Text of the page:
General builders who specialize in new construction can find plenty of prospects, too, in maintaining and repairing existing structures. Past and present customers and everyone in your network can become new and repeat customers. There is also a large second-home market requiring maintenance and repairs. Think about all the lodges and tourist resorts in Michigan that may be closed during the brutal winter months of January and February. Consider offering general maintenance to their owners. Take it up a notch by partnering with your local supplier. Get all your tools from their shop, and they can inform their clients who walk in the door about the special promotions you are running. Win-win!


3. Study the Weather Daily and Weekly

Set aside time to watch the weather forecast every day so you can take advantage of good weather when it comes around. This will help you to forecast your tasks towards jobs that match the weather. This is where having a good collection of customers interested in working with you later comes in, as you can propose projects to them when the weather is manageable. If, for example, the weather forecast lets you know a heavy blizzard is setting in, you can help folks with testing their winter equipment.

You can also offer to fix cracks in driveways, because when water gets into cracks it freezes, expands, and can make the crack even bigger. Too many of those small cracks and soon enough the concrete starts to disintegrate. You can also attend to faucets and offer to fertilize lawns. Roots are still active even when the grass isn't growing, so applying fertilizer will prevent winter damage. Doing this will also help your lawn turn green faster in the spring for that beautiful suburban look on the perfect summer day.


4. Focus on indoor projects 

Think about all the components you normally buy for the buildings you work on. Then, consider which ones of those you might build and supply yourself. Cabinets, countertops, trim pieces, and custom doors lend themselves to wintertime shop work. You might also get ahead on framing requirements by building your standard opening frames and storing them until needed. Think of all the ways to use your shop in the winter to reduce your workload later. Work your hardest to maintain and repair equipment and tools to avoid buying new ones.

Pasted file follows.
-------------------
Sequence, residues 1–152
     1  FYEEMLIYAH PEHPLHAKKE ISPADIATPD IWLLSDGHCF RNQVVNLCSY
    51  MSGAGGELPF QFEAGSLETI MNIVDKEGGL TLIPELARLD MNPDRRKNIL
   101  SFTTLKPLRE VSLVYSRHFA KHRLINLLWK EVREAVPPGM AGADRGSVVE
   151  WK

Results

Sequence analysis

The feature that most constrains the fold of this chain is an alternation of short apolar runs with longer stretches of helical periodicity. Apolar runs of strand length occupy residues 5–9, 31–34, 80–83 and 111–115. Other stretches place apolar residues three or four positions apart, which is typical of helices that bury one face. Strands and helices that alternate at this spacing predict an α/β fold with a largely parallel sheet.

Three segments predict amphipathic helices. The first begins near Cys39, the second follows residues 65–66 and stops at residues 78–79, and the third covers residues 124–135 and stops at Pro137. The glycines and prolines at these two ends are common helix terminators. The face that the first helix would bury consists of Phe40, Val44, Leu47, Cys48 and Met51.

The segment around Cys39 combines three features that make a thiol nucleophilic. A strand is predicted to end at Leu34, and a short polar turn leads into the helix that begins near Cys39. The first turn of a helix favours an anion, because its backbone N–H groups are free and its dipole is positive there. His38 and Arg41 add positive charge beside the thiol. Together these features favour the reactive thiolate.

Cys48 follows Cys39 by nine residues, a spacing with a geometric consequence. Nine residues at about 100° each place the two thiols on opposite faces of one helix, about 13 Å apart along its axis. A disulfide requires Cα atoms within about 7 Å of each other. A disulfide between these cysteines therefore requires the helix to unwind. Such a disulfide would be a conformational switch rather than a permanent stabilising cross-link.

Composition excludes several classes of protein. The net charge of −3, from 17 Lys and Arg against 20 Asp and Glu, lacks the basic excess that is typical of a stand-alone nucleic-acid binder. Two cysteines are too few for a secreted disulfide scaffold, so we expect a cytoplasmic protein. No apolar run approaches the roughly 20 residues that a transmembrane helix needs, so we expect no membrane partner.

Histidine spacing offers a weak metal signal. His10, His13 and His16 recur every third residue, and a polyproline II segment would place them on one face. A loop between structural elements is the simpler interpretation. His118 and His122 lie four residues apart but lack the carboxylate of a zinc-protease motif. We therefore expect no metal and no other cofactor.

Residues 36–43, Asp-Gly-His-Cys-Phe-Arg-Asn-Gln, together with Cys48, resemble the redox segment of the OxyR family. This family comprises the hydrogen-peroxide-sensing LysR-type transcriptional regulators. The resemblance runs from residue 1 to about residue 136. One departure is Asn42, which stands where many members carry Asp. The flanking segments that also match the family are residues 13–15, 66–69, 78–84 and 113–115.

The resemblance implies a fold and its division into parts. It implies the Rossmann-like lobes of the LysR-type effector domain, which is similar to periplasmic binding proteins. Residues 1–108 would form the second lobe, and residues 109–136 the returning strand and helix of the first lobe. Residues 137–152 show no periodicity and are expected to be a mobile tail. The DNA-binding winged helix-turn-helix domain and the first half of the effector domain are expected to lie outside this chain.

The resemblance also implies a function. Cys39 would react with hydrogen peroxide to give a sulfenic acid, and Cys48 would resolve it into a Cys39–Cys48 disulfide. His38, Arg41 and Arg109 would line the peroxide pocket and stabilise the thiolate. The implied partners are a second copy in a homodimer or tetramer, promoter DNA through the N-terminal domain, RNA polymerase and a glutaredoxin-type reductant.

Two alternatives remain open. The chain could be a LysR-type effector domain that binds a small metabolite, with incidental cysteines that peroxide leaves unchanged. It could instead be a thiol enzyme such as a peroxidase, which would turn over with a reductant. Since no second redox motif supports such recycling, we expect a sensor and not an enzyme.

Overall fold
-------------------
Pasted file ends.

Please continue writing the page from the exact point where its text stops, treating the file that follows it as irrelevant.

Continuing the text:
5. Encourage Clients

Offer incentives to clients if they will wait until winter for their interior work. Just be sure to account for your typical extra wintertime costs when giving the estimate. When you have a mature and effective process, for doing the outside portions of projects during winter, offer incentives for clients willing to wait until cold weather to start their projects. Negotiate a two-part contract in places where frost is an issue so you can get the required earthwork done before frost sets in, and then finish the work during the lighter winter. Once you get these contracts signed, decide which projects will require steel and then buy it at a lower price during winter. Steel’s flexibility as a material also makes it great for prefabrication as it can be fabricated to exact specifications off-site and transported to be quickly assembled at the job site. You can make your whole year more profitable by increasing your productivity during winter.


6. Bonus Tip Stay Educated

Getting ready for fall and winter presents another opportunity to upgrade your education and network with other construction builders in your state. Get your certifications and continuing competencies courses done when you actually have the time, and you aren’t bone tired from working hard all day.

If you are interested in taking your Pre-license or Continuing Competency course with our specialized online courses HERE.